How to follow the World Rowing Coastal Championships in Victoria
Coastal rowing has often been referred to as the mountain biking of rowing. If you’ve never watched it, all the boats, turns and waves can be dizzying.
Now is your chance to see the 2018 World Rowing Coastal Championships in Victoria, Canada as all finals will be live on www.worldrowing.com on Saturday 13 October.
Here are a few tips and tricks on how best to follow the World Rowing Coastal Championships.
Coastal rowers compete in wide, self-bailing boats. This means the stern of the boat is flat to allow water to flow out. Contrary to Olympic rowing, waves, wind, tide and current are welcome in a coastal rowing race. The boats are built to handle the waves and an experienced crew will be able to use the surf to their advantage to increase speed.
Adding to the adventure and excitement, every coastal rowing course is different and is adapted to the location. In port locations, for example, the rowers start and finish on the water. When the location is next to a beach, either a beach start or a beach finish can be used. With a beach start, one of the crew members begins at the start-line which is delineated on the beach, while the other crew members wait with the boat in the water. The crew member on land runs to the boat, pushes off, jumps in the boat and the crew begins the race. With a beach finish, exactly the opposite happens – one crew member jumps out of the boat and runs up the beach to the finish line. In Victoria a beach start will be used and an on-water finish line.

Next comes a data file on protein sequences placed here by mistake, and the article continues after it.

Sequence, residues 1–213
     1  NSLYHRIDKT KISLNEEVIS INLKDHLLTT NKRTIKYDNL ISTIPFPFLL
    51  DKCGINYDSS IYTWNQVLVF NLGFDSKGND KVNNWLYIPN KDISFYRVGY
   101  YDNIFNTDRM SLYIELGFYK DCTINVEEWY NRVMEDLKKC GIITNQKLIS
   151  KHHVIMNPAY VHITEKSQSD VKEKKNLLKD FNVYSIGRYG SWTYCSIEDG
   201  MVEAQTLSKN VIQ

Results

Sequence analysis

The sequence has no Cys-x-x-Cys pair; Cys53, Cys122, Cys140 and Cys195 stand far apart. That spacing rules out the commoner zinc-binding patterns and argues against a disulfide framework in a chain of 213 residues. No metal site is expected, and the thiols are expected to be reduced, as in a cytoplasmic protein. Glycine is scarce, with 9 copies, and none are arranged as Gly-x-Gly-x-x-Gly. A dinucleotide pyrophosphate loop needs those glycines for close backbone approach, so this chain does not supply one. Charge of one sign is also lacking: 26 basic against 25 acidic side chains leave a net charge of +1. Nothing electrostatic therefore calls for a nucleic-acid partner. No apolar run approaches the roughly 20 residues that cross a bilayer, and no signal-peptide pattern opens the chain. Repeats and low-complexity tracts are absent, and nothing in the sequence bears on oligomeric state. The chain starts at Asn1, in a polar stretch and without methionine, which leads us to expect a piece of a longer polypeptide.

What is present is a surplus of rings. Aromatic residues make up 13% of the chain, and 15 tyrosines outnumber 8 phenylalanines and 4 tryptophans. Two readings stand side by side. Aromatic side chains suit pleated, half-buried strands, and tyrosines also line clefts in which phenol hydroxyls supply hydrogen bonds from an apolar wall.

The length of coastal races can vary, but at this championship event, the heats take place over a four-kilometre course and the finals take place on a six-kilometre course. These courses include several buoyed turns with varying degrees of angle. With as many as 20 boats per heat, it can be difficult to get around the turns without bumping oars. As the boats careen toward the first turn, the crews try to take the most advantageous line. But this can mean that the boats arrive at the same time and the same angle to get around the turn. Crews must be careful to avoid crashes, which can at best slow them down and at worst disqualify them.
The progression system in coastal rowing depends on the number of entries in each category. When the entry exceeds the possible number of crews for the heats, the lower-ranked crews from each national federation must first pass through a qualification race. This is the case for the men’s solo at the championships in Victoria, Canada.
Here is how you can follow the racing online: